The largest category is organizations from the media and telecommunications industry. This is expected because firstly, APNIC Members are biased towards this industry, and secondly, the screening question used by the market research companies required participants to know about IPv6, which also creates a bias towards this industry. Nevertheless, only one-third of Australian organizations and slightly over 40% of Chinese organizations fall into this category. The rest come from a large variety of different industries. In terms of organization size, the size of the customer base and number of IT staff, our survey also captured a wide variety of organizations.

Around 75% of our participants identified themselves as CIOs, top-level managers or mid-level managers, while 25% classified themselves as low-level managers and IT administrators/technicians. Over 90% of participants said that their decision-making authority with regard to networking infrastructure was final or that they have significant decision-making influence.

Deployment status

The following figure shows the breakdown of IPv6 deployment in Australian (AU) and Chinese (CN) organizations. It differentiates between Media and Telecommunication Organizations (MTOs), such as Telcos, ISPs, National Research and Education Networks (NRENs) and hosting providers, and other organizations (Others). Irrespective of country and organization type, only less than 25% of organizations have no IPv6 deployment at all. However, the percentage that has not deployed IPv6 at all or only in a test environment is still around 50% for Others and 35–50% for MTOs. MTOs appear to be further ahead with full/external IPv6 deployment in both countries, but in the case of Australia, the difference is marginal and even for China, the difference is not statistically significant. China is significantly ahead of Australia for Others, but even more so with regard to MTOs — more than 50% of Chinese organizations have full IPv6 deployment whereas only 20% of Australian organizations have full IPv6 deployment.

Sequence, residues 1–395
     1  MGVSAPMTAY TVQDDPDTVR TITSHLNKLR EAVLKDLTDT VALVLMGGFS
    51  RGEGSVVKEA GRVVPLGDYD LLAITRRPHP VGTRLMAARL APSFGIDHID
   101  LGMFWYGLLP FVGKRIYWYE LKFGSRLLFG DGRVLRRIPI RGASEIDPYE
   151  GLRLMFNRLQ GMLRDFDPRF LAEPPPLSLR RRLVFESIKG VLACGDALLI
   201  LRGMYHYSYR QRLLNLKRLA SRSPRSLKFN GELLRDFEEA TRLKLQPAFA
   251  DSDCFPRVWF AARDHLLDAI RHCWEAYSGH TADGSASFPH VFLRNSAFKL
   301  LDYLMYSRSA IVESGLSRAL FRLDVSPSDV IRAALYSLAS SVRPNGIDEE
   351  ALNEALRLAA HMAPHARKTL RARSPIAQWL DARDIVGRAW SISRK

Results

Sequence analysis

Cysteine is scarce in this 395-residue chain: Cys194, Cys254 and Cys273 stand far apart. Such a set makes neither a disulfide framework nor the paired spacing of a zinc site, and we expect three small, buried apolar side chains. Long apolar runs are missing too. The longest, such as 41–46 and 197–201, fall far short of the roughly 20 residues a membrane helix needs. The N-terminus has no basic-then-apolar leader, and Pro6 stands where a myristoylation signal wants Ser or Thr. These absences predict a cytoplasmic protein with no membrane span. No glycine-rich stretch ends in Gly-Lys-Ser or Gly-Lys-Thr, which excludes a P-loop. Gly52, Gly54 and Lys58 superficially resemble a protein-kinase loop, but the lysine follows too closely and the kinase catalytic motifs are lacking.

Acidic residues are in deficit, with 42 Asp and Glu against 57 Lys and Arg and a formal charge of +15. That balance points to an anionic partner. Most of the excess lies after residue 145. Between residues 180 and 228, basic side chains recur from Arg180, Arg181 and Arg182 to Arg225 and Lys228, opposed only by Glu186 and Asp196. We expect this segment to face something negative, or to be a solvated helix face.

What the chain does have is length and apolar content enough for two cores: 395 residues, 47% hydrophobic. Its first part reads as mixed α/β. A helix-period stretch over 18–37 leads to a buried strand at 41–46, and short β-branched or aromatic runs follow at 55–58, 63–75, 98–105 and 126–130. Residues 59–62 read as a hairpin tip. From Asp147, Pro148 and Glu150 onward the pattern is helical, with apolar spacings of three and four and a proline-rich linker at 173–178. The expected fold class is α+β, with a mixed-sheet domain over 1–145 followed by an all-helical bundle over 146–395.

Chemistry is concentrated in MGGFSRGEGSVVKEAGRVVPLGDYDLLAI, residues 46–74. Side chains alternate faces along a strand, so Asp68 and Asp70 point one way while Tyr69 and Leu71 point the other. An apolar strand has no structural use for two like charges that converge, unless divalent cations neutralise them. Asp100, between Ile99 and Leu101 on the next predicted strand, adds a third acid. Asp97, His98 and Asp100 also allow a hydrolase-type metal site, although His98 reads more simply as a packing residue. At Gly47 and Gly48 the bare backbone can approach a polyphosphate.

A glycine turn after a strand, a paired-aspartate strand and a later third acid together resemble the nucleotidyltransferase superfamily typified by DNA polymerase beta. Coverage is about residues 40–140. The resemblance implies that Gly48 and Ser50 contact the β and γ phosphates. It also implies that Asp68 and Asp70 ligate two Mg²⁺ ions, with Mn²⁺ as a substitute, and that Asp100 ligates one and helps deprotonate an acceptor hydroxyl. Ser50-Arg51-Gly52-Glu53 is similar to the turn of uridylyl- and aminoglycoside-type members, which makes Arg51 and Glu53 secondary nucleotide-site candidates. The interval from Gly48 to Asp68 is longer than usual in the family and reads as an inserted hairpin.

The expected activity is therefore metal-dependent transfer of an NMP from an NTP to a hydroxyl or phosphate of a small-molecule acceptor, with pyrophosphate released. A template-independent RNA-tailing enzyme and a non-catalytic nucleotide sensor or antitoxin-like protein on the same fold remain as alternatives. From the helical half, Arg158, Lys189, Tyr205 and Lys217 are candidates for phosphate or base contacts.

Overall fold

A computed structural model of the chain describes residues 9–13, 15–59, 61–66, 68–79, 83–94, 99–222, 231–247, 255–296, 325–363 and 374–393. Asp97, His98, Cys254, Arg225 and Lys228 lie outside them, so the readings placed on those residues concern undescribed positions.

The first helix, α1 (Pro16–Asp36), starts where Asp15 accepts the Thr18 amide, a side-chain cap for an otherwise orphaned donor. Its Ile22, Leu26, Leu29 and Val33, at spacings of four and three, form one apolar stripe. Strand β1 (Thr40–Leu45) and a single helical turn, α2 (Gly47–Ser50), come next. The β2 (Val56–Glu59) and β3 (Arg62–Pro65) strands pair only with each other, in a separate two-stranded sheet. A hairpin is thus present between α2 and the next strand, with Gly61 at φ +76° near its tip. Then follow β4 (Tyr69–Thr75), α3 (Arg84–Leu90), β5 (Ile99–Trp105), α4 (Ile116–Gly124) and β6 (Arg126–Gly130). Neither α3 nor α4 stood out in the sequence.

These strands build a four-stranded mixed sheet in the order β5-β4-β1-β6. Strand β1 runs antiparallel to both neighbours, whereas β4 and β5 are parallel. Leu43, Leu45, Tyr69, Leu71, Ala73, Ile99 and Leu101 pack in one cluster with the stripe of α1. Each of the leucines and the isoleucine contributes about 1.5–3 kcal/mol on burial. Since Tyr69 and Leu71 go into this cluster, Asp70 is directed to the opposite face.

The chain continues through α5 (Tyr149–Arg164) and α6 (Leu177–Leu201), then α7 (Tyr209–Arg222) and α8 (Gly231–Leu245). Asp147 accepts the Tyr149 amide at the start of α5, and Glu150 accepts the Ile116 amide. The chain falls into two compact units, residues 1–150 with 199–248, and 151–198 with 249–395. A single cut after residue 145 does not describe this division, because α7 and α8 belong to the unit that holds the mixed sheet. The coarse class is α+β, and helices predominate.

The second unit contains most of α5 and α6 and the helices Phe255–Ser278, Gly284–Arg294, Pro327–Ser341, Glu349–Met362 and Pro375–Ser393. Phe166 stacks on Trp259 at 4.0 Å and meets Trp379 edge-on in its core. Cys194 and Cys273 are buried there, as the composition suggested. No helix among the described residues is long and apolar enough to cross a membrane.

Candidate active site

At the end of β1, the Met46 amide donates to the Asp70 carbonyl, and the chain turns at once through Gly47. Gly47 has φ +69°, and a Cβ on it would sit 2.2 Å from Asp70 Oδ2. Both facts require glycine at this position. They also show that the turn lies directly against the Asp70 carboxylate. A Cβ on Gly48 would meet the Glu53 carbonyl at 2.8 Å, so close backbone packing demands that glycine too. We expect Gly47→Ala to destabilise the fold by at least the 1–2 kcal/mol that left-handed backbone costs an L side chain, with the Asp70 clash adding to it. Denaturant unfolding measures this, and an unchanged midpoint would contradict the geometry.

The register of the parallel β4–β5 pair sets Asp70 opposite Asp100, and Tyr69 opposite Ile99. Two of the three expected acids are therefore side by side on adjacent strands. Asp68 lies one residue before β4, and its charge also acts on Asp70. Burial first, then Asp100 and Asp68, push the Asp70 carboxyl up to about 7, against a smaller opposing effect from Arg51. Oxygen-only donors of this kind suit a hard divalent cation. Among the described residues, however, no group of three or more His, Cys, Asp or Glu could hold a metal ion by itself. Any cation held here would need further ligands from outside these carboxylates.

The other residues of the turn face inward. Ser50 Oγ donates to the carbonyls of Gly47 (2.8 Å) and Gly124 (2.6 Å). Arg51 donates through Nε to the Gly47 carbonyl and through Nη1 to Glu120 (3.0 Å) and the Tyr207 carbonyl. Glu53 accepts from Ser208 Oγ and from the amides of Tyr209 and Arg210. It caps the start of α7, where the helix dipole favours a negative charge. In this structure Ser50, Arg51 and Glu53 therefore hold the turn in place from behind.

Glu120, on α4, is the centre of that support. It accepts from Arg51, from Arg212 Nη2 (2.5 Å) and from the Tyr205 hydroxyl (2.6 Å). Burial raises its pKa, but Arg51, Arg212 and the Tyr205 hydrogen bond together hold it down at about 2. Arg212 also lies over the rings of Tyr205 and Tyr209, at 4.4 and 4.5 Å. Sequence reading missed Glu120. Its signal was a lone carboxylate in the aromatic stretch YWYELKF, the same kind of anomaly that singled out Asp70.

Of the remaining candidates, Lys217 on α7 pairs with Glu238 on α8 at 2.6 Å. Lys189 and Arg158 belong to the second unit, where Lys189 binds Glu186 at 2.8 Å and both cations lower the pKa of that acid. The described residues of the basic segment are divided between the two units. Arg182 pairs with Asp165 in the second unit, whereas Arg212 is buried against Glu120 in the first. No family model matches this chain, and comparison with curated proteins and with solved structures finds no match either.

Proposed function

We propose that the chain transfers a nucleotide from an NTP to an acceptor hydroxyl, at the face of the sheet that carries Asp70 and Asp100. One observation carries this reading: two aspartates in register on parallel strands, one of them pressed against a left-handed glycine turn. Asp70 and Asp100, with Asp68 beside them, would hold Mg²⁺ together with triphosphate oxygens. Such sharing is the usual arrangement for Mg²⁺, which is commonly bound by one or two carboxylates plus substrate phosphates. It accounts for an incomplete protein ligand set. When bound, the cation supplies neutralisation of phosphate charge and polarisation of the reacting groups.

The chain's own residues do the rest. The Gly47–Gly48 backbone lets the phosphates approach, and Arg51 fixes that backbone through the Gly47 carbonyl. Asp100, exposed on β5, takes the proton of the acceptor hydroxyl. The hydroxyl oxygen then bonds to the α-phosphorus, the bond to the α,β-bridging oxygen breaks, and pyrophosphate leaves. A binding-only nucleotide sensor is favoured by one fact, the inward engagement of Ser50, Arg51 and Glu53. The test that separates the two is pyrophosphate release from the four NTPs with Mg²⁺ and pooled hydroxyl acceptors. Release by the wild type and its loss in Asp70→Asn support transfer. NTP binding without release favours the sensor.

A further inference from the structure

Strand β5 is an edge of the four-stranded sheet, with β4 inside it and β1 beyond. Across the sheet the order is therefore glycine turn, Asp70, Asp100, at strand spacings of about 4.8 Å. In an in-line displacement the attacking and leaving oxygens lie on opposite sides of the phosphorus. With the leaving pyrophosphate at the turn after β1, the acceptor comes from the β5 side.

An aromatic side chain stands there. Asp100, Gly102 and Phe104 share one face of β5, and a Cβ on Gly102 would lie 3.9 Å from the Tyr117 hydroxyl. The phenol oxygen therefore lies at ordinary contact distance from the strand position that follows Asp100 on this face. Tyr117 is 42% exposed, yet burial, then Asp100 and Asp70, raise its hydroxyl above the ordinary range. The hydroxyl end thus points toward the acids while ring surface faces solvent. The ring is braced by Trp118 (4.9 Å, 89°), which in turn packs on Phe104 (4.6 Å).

Figure 2: IPv6 deployment status in organizations

Of the 20–25% of organizations that have no IPv6 deployment, roughly two-thirds are not planning an IPv6 deployment. In China (where 61% of organizations have not deployed IPv6), this is mainly because decision-makers are aware of IPv6, but there are no plans to adopt it. However, in Australia, in 18% of the organizations that have not deployed IPv6 yet, the decision-makers are not even aware of IPv6. Among the one-third of organizations that are planning to deploy IPv6, in most of them, decision-makers are thinking about or are planning the deployment, but no formal plans for IPv6 deployment have been developed.